The evangelical Prime Minister of Ethiopia has been awarded the prestigious Nobel Peace Prize for his efforts to “achieve peace and international cooperation.”
Prime Minister Abiy Ahmed, a devout Christian and the youngest head of state in Africa, has been heralded for his efforts to bring forward a peace agreement with neighboring Eritrea. The two countries had been embroiled in a territory-based political and military standoff for some 20 years following the Eritrean-Ethiopian War of 1998-2000 — a conflict that claimed the lives of some 100,000 people.
The 2018 Eritrea–Ethiopia peace summit took place just three months after Ahmed was sworn into office — a staggering political achievement, not least because the United Nations had made little progress towards peace despite engaging in a costly, eight-year-long peacekeeping mission across the border region. The UN’s Mission in Ethiopia and Eritrea (UNMEE) was formally abandoned in 2008 after peacekeepers were driven from the area by Eritrea.
The new peace agreement, signed by Ahmed and Eritrean President Isaias Afwerki, brought a formal end to the border conflict between both countries, restored their diplomatic relations and opened up the two countries’ borders to each other for the free movement of people, goods and services.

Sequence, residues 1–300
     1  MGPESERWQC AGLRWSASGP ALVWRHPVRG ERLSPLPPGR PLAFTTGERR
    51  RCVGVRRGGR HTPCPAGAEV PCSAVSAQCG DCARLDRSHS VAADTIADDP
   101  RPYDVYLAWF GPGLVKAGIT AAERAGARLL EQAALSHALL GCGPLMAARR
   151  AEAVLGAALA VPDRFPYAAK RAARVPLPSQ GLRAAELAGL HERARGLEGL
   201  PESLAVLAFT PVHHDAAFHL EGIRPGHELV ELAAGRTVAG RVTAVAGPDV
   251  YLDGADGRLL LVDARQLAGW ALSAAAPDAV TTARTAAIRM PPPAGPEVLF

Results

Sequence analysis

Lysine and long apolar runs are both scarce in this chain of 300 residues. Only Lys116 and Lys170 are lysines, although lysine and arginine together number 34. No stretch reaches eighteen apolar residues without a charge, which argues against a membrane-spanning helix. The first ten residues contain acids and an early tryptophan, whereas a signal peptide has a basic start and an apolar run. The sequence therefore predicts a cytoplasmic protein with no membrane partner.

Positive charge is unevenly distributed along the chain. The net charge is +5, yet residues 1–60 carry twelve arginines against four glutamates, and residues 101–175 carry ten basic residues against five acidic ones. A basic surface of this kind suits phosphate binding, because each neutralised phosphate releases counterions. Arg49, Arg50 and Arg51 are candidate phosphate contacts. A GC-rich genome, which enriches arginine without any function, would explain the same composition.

“Abiy Ahmed has initiated important reforms that give many citizens hope for a better life and a brighter future,” the Norwegian Nobel Committee stated in the announcement of their winner, noting that they awarded him the prize for his “decisive initiative to resolve the border conflict with neighboring Eritrea.”
The committee’s statement continued:
“Peace does not arise from the actions of one party alone. When Prime Minister Abiy reached out his hand, President Afwerki grasped it, and helped to formalise the peace process between the two countries. The Norwegian Nobel Committee hopes the peace agreement will help to bring about positive change for the entire populations of Ethiopia and Eritrea.”
In response, Ahmed said he was “humbled and thrilled” at the honor.
“Thank you very much. It is a prize given to Africa, given to Ethiopia and I can imagine how the rest of Africa’s leaders will take it positively to work on [the] peace-building process on our continent,” he said in a phone call with the secretary of the Norwegian Nobel Committee.
Abiy’s office said his successes were a testament to the “ideals of unity, cooperation and mutual coexistence.”
A committed follower of Jesus, Ahmed’s peacebuilding goes beyond just politics — he also has a strong track record of strengthening ties in the Church. Last year, he was endowed with a special “peace and reconciliation” award by the Ethiopian Church for his assistance in reconciling two separate branches of the Ethiopian Orthodox Church after they split back in 1991.
He also knows how to get the military on board:
Despite having a Muslim father and Orthodox mother, Ahmed is himself a Protestant Pentecostal.
Last year’s Nobel Peace Prize winner was Denis Mukwege, Congolese gynecologist and Pentecostal pastor who helped set up a clinic for women who have been raped by rebel militants.